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Re: what I should do, and the "Emacs News Ezine"
Re: what I should do, and the "Emacs News Ezine"
Fri, 29 Mar 2019 01:27:46 -0400
Hello, Emanuel, Amin, all!
On Wed., Mar. 27, 2019, 10:40 Amin Bandali, <address@hidden> wrote:
> Now for the question. If code and projects aren't announced on
> listbots/newsgroups, how will people know about them?
> > This is not just a question of my projects, but also the other way
> around - how will *I* know what *other* people do?
> Yeah, that’s a bit of a tough one. There are a few ad hoc solutions
> like Planet Emacsen  and Sacha Chua’s weekly-compiled Emacs News ,
>From what I've seen, it seems like discovery works mostly like this:
- Many people stumble across relevant code/posts by searching, if they
happen to think with the same keywords that the authors did
- Many people ask questions on reddit.com/r/emacs, emacs.stackexchange.com,
irc.freenode.net (#emacs), and mailing lists
- Many people read Planet Emacsen or their own collection of Emacs-related
- A number of people help "glue" the community together by responding to
people's questions and pointing them to either links or better keywords to
search for, or commenting on people's posts with suggestions or
- Quite a few people stumble across stuff while watching videos or looking
at screenshots focusing on something else. This is where we get questions
like "What's the modeline used in this video?"
- When people find people who think like they do (similar workflow or areas
of interest), they like exploring those people's other contributions. This
is where blogs and public source code repositories like Github help a lot.
- Some people actively look for interesting new things in the firehose
(Twitter, Google searches, lots of blog subscriptions outside Planet
Emacsen) and post links to them to aggregators or wikis (irreal.org,
reddit.com/r/emacs, reddit.com/r/planetemacs, awesome-emacs, EmacsWiki)
- A few automated sources help too (new packages, changes to the NEWS
- General discussions and meetups are great too.
Thanks for posting lots of little code snippets. I wonder if having your
own blog would make it easier for people who like one thing of yours to
discover other things of yours. I also see people respond positively to
posts or links on Reddit that start off describing the problem/motivation
and then share a snippet of code or announce a package. Since people use
different keywords to find things, you might think about how other people
would describe that problem too. Screenshots, animated GIFs, workflow
posts, and videos are handy as well.
Also, people often come across posts years later, so it's good to not
expect immediate appreciation. =) I like sharing my little hacks because
writing helps me understand and remember things better (especially months
or years later), and if anyone actually finds things useful, that's a
pleasant surprise. Other people are more deliberate about sharing, and
invest time in packaging things up and writing about them so that they'll
be more useful to more people. You'll find your sweet spot.
> suited person for such a job because I only know what goes on on my own
> computer and workshop - and sometimes, actually, not even that :))
You are already totally qualified to write about the resources you find,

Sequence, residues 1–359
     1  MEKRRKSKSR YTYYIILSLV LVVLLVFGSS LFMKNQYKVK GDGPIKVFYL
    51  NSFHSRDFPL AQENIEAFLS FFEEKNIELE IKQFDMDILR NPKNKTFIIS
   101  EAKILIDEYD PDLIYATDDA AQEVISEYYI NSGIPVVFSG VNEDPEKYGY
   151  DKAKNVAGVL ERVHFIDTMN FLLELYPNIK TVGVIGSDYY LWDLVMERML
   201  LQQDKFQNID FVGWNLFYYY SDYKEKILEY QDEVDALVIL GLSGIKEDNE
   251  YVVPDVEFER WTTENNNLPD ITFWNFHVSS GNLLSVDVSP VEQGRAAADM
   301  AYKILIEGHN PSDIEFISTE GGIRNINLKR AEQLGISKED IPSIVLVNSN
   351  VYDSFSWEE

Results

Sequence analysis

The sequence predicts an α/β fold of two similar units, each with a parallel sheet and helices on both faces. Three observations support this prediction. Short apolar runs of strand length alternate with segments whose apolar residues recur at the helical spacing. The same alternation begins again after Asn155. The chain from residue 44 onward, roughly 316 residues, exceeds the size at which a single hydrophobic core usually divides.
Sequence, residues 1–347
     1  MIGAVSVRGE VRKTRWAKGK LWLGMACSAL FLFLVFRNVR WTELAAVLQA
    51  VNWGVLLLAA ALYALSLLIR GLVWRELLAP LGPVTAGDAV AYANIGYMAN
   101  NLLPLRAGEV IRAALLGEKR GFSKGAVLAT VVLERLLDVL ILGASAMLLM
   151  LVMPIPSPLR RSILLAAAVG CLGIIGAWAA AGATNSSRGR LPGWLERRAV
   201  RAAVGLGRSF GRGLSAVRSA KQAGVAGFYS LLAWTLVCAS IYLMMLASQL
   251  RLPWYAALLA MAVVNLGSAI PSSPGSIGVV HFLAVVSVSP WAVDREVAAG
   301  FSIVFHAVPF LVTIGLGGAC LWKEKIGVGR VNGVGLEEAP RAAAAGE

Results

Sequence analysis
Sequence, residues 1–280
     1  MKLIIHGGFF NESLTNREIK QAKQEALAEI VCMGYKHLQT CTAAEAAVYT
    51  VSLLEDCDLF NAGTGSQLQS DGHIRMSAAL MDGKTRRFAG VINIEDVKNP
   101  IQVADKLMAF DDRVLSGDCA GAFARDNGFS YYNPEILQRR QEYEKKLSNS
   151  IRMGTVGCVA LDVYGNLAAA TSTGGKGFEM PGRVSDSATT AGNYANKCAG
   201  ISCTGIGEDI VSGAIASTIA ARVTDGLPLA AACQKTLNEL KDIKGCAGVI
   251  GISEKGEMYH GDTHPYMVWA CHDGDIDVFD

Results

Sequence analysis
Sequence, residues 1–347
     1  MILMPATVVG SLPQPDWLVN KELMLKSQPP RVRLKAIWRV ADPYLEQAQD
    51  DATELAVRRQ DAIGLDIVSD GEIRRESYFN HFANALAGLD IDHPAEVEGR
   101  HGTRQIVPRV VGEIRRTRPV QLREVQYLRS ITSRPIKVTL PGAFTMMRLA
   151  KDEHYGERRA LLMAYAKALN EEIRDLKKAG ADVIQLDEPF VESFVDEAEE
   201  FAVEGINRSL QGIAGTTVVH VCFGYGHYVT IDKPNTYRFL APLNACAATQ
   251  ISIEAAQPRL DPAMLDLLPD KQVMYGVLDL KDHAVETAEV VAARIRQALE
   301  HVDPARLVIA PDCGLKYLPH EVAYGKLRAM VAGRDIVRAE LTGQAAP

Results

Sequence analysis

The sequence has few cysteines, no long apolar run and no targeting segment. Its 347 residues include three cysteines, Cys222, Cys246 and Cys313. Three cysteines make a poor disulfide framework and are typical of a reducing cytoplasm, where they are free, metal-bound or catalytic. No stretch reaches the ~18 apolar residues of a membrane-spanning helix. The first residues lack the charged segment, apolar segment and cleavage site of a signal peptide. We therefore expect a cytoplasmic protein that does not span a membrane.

what you think about them, how you've been applying them to your own
workflows, what you're curious about next, and so on. =) We're all building
maps through this huge space of possibilities, and every person's map adds
Actually, looking at , I just discovered the emacs-tangents list ,
> available on gmane as gmane.emacs.tangents, which seems like Sacha posts
> her weekly news there too. Though it’s mostly been only Sacha posting
> there for a while, it seems like anyone from the public can post there?
Yup, that's open. It's for anything that's Emacs-related but off-topic on
the other lists. Most people reading it are probably used to just seeing
Emacs News, but it's okay to shift that expectation and have a more vibrant
community. People who want just Emacs News in mail form can get it from my
site, so that's okay.
> As for volunteering for the compilation, Sacha probably wouldn’t mind
> some extra help with her weekly news either :)
I'm always happy to have awesome things to link to, so you can help out a
lot by contributing links or even making posts I can then link to. =)
Sometimes people e-mail or tweet me stuff, although I generally like
putting the links on something like reddit.com/r/emacs or /r/planetemacs so
that there's an avenue for discussion (and then I can link to the
discussion as well).
Emacs News is a bit on the long but terse side because I try to include
most things I come across, relying on titles and categories to help people
manage information overload. I think it would be pretty neat if someone
went through, say, emacs-devel and highlighted interesting threads a la
Linux Weekly News, or maybe did a longer-term overview of news in a
particular category - maybe even more specific than the ones I have in the
posts. I just updated my Github repo with the emacs-news Org file:
https://github.com/sachac/emacs-news . There's
a my/emacs-news-collect-entries in my sachachua.com/dotemacs that might be
able to reorganize links, although the categories are pretty coarse-grained
at the moment.
I'd love to see other people's takes on Emacs News!
- Re: todo-did.el complete rewrite, (continued)
- Re: todo-did.el complete rewrite, Amin Bandali, 2019/03/26
- Re: what I should do, and the "Emacs News Ezine", Amin Bandali, 2019/03/27
- Re: what I should do, and the "Emacs News Ezine", Van L, 2019/03/27
- Re: what I should do, and the "Emacs News Ezine", Amin Bandali, 2019/03/28
- Re: what I should do, and the "Emacs News Ezine", Emanuel Berg, 2019/03/29
- Re: what I should do, and the "Emacs News Ezine",
Sacha Chua <=
- RE: what I should do, and the "Emacs News Ezine", Drew Adams, 2019/03/29